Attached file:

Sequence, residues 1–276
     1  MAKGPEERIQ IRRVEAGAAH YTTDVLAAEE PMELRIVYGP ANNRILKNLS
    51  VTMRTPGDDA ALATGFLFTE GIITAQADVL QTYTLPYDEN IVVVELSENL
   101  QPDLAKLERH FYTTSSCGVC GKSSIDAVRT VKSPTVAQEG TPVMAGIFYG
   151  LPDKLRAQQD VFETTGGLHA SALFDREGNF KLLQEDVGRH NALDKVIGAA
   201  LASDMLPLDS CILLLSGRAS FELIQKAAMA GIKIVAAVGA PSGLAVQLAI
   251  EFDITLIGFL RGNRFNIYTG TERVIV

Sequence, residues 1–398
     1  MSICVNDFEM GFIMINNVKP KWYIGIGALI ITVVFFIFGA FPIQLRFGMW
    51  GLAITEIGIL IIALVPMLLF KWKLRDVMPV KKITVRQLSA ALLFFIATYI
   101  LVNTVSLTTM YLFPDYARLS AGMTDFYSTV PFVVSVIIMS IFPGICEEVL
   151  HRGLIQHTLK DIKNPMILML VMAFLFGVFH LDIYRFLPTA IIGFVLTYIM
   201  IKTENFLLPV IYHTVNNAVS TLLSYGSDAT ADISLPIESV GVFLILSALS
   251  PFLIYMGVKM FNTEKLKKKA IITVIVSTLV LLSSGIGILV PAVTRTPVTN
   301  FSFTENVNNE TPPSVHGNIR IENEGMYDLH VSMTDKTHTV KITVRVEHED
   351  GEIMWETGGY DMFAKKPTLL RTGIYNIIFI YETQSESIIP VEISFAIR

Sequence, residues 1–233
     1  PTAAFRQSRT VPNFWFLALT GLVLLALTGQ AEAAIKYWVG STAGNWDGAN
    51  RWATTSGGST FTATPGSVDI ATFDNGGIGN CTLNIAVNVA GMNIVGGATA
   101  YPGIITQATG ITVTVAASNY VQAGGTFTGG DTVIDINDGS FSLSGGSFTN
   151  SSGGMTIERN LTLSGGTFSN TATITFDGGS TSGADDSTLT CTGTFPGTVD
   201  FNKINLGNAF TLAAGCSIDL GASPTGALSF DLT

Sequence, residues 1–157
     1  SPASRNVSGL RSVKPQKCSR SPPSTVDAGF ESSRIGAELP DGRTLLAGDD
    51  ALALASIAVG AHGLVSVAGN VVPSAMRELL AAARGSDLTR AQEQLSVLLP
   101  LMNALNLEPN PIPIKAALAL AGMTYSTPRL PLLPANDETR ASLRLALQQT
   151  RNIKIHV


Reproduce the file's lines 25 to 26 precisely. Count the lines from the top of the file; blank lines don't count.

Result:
    51  ALALASIAVG AHGLVSVAGN VVPSAMRELL AAARGSDLTR AQEQLSVLLP
   101  LMNALNLEPN PIPIKAALAL AGMTYSTPRL PLLPANDETR ASLRLALQQT